Newspaper headlines: Russia 'assassination plot' and Brexit 'limbo'
The Daily Telegraph carries claims from senior Whitehall sources that Russia plotted to assassinate the prime minister of Montenegro and overthrow its government last year.
It is claimed the plot was designed to sabotage Montenegro's attempts to join Nato and was foiled "only hours" before being carried out.
The paper says British and American intelligence agencies have gathered evidence of "high-level Russian complicity" - but the Kremlin has denied any involvement.
A leaked document seen by the Observer suggests the EU is concerned that millions of EU nationals from other countries living in the UK will be "stranded in a legal no-man's land" after Brexit because of weaknesses in Britain's immigration system.
The report - drawn up by MEPs - argues the Home Office doesn't have the information or systems in place to select who can stay once Britain leaves.
The lead story in the Mail on Sunday claims the head of the police force investigating allegations of historical sexual abuse against Sir Edward Heath is convinced the former prime minister was a paedophile.
Wiltshire's Chief Constable Mike Veale is said to regard the claims as "120% genuine" and plans to publish a report in June.
Sir Edward died in 2005, and the Sir Edward Heath Charitable Foundation has previously said it is confident he will be cleared of any wrongdoing.
Wiltshire Police declined to comment on the story but said its chief constable had previously stated it was his job to ensure the probe was "proportionate, measured, legal and necessary".
A head teacher in Oldham has raised fears of a new "Trojan Horse plot" to take over her school, according to the Sunday Times.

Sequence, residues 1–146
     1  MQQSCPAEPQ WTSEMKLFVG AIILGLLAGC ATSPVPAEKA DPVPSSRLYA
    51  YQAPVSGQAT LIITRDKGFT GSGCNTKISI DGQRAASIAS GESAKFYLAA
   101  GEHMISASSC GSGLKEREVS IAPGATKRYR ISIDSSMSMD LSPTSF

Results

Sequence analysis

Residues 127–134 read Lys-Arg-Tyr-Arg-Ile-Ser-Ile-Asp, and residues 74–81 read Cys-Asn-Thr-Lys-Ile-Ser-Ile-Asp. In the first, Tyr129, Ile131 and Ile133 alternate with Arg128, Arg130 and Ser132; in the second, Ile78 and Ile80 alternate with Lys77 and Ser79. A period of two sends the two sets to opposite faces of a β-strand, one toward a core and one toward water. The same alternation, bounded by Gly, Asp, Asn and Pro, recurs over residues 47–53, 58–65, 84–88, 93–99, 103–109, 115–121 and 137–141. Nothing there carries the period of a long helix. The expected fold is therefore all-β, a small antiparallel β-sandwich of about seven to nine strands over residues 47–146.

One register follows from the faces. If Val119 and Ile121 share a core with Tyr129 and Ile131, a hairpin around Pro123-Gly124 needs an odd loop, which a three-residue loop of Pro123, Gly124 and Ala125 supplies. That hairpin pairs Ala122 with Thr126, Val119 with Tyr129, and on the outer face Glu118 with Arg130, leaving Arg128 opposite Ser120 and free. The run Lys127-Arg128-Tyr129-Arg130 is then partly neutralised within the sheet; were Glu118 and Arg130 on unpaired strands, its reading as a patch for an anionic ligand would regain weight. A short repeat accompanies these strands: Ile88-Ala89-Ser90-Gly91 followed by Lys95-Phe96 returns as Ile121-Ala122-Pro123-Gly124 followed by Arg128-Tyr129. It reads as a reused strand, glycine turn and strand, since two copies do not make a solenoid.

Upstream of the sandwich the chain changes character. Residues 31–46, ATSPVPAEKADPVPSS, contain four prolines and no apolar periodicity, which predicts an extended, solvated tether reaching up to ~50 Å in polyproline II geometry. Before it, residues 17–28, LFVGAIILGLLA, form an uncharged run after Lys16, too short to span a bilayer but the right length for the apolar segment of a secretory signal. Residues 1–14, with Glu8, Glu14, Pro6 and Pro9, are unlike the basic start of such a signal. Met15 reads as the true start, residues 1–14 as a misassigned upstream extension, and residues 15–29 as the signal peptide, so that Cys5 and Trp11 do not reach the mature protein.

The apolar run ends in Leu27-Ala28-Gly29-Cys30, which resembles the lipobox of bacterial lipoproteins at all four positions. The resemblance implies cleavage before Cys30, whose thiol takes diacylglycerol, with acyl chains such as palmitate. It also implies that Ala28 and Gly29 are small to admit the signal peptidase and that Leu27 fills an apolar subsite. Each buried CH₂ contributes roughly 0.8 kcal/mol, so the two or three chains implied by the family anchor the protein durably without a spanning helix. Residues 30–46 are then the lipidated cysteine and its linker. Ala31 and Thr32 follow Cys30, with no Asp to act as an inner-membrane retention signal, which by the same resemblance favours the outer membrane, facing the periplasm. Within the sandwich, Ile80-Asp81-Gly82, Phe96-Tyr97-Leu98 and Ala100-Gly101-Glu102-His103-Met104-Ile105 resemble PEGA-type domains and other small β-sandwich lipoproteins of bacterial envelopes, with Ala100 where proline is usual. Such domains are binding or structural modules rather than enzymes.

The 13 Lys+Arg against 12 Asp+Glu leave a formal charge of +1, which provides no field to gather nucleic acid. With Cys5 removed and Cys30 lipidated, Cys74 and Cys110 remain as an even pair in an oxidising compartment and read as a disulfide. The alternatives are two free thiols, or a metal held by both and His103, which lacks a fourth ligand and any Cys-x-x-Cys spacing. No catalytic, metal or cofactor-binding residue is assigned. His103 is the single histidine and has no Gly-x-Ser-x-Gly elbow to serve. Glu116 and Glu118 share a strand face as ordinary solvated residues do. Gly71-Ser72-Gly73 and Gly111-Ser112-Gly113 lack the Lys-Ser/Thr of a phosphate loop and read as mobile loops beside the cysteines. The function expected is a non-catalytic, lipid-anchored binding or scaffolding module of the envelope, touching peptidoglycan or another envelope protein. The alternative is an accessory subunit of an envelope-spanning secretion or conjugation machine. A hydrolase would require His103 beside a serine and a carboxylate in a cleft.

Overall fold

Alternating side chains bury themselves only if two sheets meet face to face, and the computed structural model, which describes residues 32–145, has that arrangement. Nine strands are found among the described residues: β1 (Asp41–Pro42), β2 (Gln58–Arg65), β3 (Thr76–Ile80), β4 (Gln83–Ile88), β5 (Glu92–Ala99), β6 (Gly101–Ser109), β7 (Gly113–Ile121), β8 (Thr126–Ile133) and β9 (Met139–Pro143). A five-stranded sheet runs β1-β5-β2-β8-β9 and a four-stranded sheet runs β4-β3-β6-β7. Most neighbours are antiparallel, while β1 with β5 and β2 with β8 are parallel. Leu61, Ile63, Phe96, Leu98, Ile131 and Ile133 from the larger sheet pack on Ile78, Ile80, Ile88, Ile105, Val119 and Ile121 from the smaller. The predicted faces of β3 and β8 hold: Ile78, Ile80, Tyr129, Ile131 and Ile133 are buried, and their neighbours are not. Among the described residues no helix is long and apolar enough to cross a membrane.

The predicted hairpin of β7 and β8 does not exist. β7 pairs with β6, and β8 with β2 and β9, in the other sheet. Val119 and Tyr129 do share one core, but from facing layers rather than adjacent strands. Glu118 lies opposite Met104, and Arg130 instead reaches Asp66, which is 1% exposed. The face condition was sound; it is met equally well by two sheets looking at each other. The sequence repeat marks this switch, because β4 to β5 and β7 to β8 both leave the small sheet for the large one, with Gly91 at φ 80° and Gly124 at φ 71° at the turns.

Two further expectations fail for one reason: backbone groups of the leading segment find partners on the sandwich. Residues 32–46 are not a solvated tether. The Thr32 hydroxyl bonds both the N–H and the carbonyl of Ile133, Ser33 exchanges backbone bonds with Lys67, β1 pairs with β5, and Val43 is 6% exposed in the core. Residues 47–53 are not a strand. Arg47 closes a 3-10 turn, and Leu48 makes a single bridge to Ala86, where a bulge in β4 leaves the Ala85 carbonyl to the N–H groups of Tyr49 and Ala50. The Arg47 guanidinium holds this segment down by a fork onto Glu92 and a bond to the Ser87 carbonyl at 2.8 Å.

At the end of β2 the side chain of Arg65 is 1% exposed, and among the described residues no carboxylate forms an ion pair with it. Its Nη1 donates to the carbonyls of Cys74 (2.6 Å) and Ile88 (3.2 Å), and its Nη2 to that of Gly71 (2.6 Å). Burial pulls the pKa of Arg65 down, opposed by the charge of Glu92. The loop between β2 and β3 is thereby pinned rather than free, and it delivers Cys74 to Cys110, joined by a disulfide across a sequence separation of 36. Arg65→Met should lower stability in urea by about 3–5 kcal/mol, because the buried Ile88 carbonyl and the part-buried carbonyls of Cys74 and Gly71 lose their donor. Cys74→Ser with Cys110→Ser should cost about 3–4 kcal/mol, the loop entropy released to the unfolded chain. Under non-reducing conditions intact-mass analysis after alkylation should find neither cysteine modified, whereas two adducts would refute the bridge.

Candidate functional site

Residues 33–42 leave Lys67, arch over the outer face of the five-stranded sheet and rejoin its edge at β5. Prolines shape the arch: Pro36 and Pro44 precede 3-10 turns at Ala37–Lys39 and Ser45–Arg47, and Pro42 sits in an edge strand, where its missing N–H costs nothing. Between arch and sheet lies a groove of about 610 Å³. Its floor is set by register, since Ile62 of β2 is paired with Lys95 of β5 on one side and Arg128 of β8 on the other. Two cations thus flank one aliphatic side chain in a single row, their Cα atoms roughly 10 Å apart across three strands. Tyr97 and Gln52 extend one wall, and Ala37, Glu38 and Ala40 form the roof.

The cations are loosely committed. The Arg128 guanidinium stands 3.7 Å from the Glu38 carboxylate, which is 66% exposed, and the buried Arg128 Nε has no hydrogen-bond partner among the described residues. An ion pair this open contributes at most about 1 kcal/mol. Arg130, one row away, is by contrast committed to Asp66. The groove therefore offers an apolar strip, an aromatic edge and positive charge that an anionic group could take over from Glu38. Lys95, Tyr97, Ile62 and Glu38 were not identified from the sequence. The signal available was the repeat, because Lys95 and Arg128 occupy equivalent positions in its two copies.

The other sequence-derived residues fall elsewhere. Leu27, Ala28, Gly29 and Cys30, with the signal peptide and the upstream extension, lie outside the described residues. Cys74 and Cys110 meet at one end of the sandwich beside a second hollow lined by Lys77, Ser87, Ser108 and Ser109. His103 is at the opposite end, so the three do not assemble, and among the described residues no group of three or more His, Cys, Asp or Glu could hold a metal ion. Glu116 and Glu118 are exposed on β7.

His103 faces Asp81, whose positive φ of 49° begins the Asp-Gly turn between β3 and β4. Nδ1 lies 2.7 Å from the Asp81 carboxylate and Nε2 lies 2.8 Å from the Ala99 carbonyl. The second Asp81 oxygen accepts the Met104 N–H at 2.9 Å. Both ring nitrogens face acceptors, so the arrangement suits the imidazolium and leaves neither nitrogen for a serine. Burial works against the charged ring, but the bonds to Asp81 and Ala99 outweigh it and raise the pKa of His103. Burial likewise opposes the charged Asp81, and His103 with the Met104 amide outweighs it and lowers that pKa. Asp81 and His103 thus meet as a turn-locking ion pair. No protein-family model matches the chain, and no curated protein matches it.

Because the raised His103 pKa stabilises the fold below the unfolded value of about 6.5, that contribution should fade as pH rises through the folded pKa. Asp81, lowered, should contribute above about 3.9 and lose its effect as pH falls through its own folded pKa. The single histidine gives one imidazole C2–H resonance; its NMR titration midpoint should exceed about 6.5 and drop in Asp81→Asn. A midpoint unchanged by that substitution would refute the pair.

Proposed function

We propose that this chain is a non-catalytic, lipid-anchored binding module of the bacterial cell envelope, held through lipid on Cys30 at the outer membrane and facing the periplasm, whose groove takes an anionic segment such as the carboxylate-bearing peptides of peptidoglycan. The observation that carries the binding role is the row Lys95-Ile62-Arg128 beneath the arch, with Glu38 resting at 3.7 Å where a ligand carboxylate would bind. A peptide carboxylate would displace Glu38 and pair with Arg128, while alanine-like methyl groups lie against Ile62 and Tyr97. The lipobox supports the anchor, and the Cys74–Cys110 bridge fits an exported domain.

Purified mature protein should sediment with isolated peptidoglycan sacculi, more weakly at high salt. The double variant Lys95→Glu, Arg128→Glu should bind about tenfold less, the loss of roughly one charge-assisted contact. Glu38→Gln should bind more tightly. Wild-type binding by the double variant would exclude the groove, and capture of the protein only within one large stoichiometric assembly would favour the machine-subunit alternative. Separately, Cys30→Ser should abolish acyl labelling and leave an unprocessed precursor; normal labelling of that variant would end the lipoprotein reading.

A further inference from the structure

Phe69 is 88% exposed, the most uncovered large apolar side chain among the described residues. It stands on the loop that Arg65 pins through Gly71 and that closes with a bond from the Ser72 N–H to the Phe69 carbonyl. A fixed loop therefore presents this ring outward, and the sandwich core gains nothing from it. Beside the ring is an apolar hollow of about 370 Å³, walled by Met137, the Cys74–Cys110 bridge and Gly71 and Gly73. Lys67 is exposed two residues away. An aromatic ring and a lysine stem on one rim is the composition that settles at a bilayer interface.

She is said to have emailed her local authority in December to report a campaign of intimidation against school staff, and to highlight concerns about the activities of a Muslim former parent governor.
The lead story in the Sunday Express says children as young as five are calling a helpline to be read bedtime stories because their parents are too drunk to tuck them in at night.
The paper's editorial argues it's a "national scandal" that so little has been done to help the estimated two-and-a-half million children who live with an alcoholic parent.
It says it is "even more tragic" that no local authority appears to have a strategy to deal with the problem.
The Sunday Mirror claims a convicted rapist who is alleged to have won a lottery jackpot of £2.5m with a fraudulent ticket carried out a "dry run" of the suspected scam.
He is said to have shown friends a faked ticket in 2009 - five months before he claimed the prize money.
The Mirror says he has refused to comment on the fraud allegations that have been made against him, and police investigated the case but decided to take no action.
The Mirror's editorial argues the Gambling Commission probe into the payout was covered up, and calls for this latest evidence to be investigated as part of an inquiry by MPs because, it says, "a parliamentary report cannot be covered up".
Meanwhile, Justice Minister Liz Truss has told the Sun on Sunday that prisons must stop acting as offender warehouses and rehabilitate inmates instead.
She says she is determined to get a grip of the "epidemic of reoffending" so will change the law this week to make reforming offenders a "key aim" of prison.
According to the paper, seven months in the job "have convinced Ms Truss of the enormity of the task", after violence in prisons hit a 10-year high under her watch.
And Lincoln City's win in the FA Cup yesterday - making them the first non-league side to reach the quarter final stage of the competition for over a century - allows the headline writers to come up with a plethora of puns, using the club's nickname, The Imps.
The Sunday Telegraph says Lincoln's feat will have repercussions "long beyond this season" as the club's financial future is now secure "for many years to come".